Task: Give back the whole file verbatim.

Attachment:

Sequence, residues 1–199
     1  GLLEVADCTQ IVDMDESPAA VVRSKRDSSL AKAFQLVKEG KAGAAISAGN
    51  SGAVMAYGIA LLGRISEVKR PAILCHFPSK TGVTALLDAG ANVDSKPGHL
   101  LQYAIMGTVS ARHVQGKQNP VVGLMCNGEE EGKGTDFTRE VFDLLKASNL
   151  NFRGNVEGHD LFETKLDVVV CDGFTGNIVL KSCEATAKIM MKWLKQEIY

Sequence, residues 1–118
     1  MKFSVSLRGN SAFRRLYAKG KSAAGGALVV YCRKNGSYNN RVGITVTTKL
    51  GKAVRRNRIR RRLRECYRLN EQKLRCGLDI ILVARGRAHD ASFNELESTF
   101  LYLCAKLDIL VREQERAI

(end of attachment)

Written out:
Sequence, residues 1–199
     1  GLLEVADCTQ IVDMDESPAA VVRSKRDSSL AKAFQLVKEG KAGAAISAGN
    51  SGAVMAYGIA LLGRISEVKR PAILCHFPSK TGVTALLDAG ANVDSKPGHL
   101  LQYAIMGTVS ARHVQGKQNP VVGLMCNGEE EGKGTDFTRE VFDLLKASNL
   151  NFRGNVEGHD LFETKLDVVV CDGFTGNIVL KSCEATAKIM MKWLKQEIY

Sequence, residues 1–118
     1  MKFSVSLRGN SAFRRLYAKG KSAAGGALVV YCRKNGSYNN RVGITVTTKL
    51  GKAVRRNRIR RRLRECYRLN EQKLRCGLDI ILVARGRAHD ASFNELESTF
   101  LYLCAKLDIL VREQERAI